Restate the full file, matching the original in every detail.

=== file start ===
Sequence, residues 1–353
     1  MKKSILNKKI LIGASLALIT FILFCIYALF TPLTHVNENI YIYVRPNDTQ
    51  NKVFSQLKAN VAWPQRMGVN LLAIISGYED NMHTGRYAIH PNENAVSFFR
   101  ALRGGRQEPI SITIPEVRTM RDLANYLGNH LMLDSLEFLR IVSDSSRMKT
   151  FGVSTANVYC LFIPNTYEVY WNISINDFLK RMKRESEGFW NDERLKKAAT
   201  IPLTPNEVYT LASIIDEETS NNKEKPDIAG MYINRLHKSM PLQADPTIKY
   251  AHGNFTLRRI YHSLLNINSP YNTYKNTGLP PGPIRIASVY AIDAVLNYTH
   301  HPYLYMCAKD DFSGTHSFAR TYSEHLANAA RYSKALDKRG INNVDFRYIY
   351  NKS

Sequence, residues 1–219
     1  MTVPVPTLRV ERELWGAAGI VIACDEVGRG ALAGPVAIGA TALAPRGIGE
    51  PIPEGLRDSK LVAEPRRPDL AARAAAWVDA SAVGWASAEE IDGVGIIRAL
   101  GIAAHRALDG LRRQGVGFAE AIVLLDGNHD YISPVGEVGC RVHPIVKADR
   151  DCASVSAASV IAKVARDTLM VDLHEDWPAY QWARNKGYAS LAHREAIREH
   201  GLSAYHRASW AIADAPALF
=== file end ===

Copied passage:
Sequence, residues 1–353
     1  MKKSILNKKI LIGASLALIT FILFCIYALF TPLTHVNENI YIYVRPNDTQ
    51  NKVFSQLKAN VAWPQRMGVN LLAIISGYED NMHTGRYAIH PNENAVSFFR
   101  ALRGGRQEPI SITIPEVRTM RDLANYLGNH LMLDSLEFLR IVSDSSRMKT
   151  FGVSTANVYC LFIPNTYEVY WNISINDFLK RMKRESEGFW NDERLKKAAT
   201  IPLTPNEVYT LASIIDEETS NNKEKPDIAG MYINRLHKSM PLQADPTIKY
   251  AHGNFTLRRI YHSLLNINSP YNTYKNTGLP PGPIRIASVY AIDAVLNYTH
   301  HPYLYMCAKD DFSGTHSFAR TYSEHLANAA RYSKALDKRG INNVDFRYIY
   351  NKS

Sequence, residues 1–219
     1  MTVPVPTLRV ERELWGAAGI VIACDEVGRG ALAGPVAIGA TALAPRGIGE
    51  PIPEGLRDSK LVAEPRRPDL AARAAAWVDA SAVGWASAEE IDGVGIIRAL
   101  GIAAHRALDG LRRQGVGFAE AIVLLDGNHD YISPVGEVGC RVHPIVKADR
   151  DCASVSAASV IAKVARDTLM VDLHEDWPAY QWARNKGYAS LAHREAIREH
   201  GLSAYHRASW AIADAPALF